With so many different types of products out there, it can feel like a daunting task to understand how to create designs that are scaled appropriately. You’re thinking big for large scale statement wallpaper but then you also have to think small if you’re designing for home textiles like cocktails napkins. At the end of your design session, it can be hard to tell which way is up!
Luckily, Spoonflower designer Jeanetta Gonzales is here to share a few simple tricks to help guide you on your way to successful product design. Jeanetta’s designs have been featured on products in stores like Nordstrom, Wayfair and Home Goods and over the years she’s learned how to effectively work with scale. We can’t wait for you to try out her tips.
Scale is important to consider when designing for products. Depending on the item you are creating, the scale of the pattern will:
- Dictate the overall look and feel (for example elegant vs. graphic)
- Complement (or compete with) the other patterns it is paired with
- Make a bold statement or understated accent
The surface area an item is placed on helps determine the scale of the pattern. Items such as a duvet cover on a bed, a curtain on a large window and wallpaper in a room have larger surface areas and require patterns in a bigger scale.
Items such as gift wrap, tea towels and dinner napkins cover a smaller surface area such as boxes and a place setting and their patterns have a smaller scale. By comparing a wallpaper swatch, gift wrap roll and a placemat featuring my design Wildwood Blooms, I will discuss how to keep scale in mind when designing for Spoonflower and Roostery.
Designing for Wallpaper
Wallpaper spans a wide surface area and overall should be on a larger scale than most items. Here are two wallpaper sizes:
The smaller size shows that there are four red flowers going across the top on a 24” wide roll. The larger scale shows that two red flowers would fit across the width of a 24” wide roll. The motifs are significantly larger with more visible detail in the pattern.
As seen here side-by-side, the scale of the pattern can dramatically change the look and tone of the overall design. The smaller scale conveys a look that is more sweet and cute and the larger scale is more graphic and bold. The larger scale would work on a long wall or a larger space where you can see the pattern easily from afar. The smaller pattern would work well in a smaller space like a powder room or a shorter accent wall.
Things to consider when designing for wallpaper
- First, consider the style of the room the paper will be installed in and the size of the wall it will be covering. Is it a small room that can make a bold statement? Is it a room that has a sophisticated vibe and could use a tonal, simple, large-scale pattern?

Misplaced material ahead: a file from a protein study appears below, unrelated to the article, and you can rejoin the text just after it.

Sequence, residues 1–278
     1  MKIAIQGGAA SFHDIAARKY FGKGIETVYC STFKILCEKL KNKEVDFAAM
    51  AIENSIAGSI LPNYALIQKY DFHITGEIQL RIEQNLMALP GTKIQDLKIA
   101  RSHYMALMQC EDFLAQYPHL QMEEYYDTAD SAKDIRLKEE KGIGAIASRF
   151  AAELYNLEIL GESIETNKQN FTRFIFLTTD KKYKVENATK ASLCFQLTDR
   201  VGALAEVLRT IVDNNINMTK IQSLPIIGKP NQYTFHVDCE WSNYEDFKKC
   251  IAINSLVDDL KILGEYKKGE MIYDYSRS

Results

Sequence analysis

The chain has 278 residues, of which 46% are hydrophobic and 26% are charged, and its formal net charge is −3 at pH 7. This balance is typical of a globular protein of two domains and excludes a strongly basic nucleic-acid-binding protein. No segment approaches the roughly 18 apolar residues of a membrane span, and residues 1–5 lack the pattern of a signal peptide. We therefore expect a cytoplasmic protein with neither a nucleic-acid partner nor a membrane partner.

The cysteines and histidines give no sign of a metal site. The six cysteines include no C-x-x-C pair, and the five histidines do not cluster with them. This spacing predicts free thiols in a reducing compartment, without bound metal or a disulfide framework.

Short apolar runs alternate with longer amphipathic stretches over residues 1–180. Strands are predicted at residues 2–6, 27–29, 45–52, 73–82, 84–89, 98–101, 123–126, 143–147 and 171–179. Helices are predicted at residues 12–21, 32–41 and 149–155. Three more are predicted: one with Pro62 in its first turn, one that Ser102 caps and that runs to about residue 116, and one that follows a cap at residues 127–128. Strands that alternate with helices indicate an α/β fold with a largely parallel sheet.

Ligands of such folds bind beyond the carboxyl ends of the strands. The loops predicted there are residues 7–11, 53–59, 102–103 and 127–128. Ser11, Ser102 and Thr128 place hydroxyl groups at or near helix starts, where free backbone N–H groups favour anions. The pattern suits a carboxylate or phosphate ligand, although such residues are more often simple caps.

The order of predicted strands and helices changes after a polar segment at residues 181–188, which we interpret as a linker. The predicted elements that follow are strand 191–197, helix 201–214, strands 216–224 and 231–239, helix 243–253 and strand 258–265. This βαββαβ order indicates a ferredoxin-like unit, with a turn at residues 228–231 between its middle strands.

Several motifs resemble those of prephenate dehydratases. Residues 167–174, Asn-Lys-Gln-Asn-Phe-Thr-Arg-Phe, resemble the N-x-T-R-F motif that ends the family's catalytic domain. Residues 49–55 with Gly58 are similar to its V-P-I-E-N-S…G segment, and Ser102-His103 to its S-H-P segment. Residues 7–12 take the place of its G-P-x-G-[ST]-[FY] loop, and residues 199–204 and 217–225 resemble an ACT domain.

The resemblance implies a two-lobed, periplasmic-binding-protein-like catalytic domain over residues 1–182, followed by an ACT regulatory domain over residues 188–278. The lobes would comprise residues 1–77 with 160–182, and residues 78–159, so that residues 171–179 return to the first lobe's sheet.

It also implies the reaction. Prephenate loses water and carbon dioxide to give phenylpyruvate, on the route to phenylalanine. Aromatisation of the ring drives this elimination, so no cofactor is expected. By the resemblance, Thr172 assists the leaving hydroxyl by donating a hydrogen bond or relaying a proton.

- Does the pattern design have a lot of elements that should be seen easily from afar or better smaller and seen up close?
- The scale also relates to the items it will be near. Does it compete with the other patterns in the room? How does the scale relate to the size of the furniture?
- Learn all the details you need for designing large scale prints for Spoonflower wallpaper here.
- Not sure which scale is right for your space? Always start with a $5 24” x 12” wallpaper swatch, available in the Choose a Size dropdown menu on every wallpaper page. When you’re done, repurpose your swatch as a drawer liner.
Designing for Gift Wrap
Gift wrap has a smaller scale overall. Depending on the pattern’s elements, the scale can vary slightly. Here the floral pattern works best in a medium-small scale. If it’s too big the details won’t be seen on a package and if it’s too small it won’t make a big impact.
For the gift wrap below, I tried to keep the largest motifs approximately 2-3” wide.
You can go up to 4” wide but keep in mind how much of the pattern details will be seen when wrapped on a box.
Things to consider when designing for gift wrap
- Think about how the pattern will look on a larger gift as well as a smaller gift. Can the pattern design be seen well on both? How small does it need to be?
Designing for Home Textiles
Placemats should be designed on a smaller scale than wallpaper, curtains and bedding but can be as small as gift wrap depending on the pattern. Here the placemat pattern is on a larger scale than the gift wrap.
The pattern is more bold and graphic on the table in this scale. You can see here it could work in a slightly smaller scale (10-20% smaller) as well.
Shop the look
Things to consider when designing for home textiles
- Placemats: Think about how a plate will cover up the placemat’s pattern. Do you want more of the pattern showing or do you prefer it on a larger scale?
- Consider the design in relationship to other table linens you are using such as the napkin design.
Looking for even more design resources for finding success on Spoonflower? Don’t miss the Spoonflower Seller Handbook!
About the Guest Blogger
Jeanetta Gonzales is a Los-Angeles based artist and designer. Her multidisciplinary studio specializes in surface pattern design, apparel design, illustration and graphic design.
Jeanetta finds joy in creating art for her own products and sharing her art through licensing it on apparel, greeting cards and home décor. Jeanetta also provides coaching and accountability to artists bringing out their true self-expression and helping them achieve their business goals.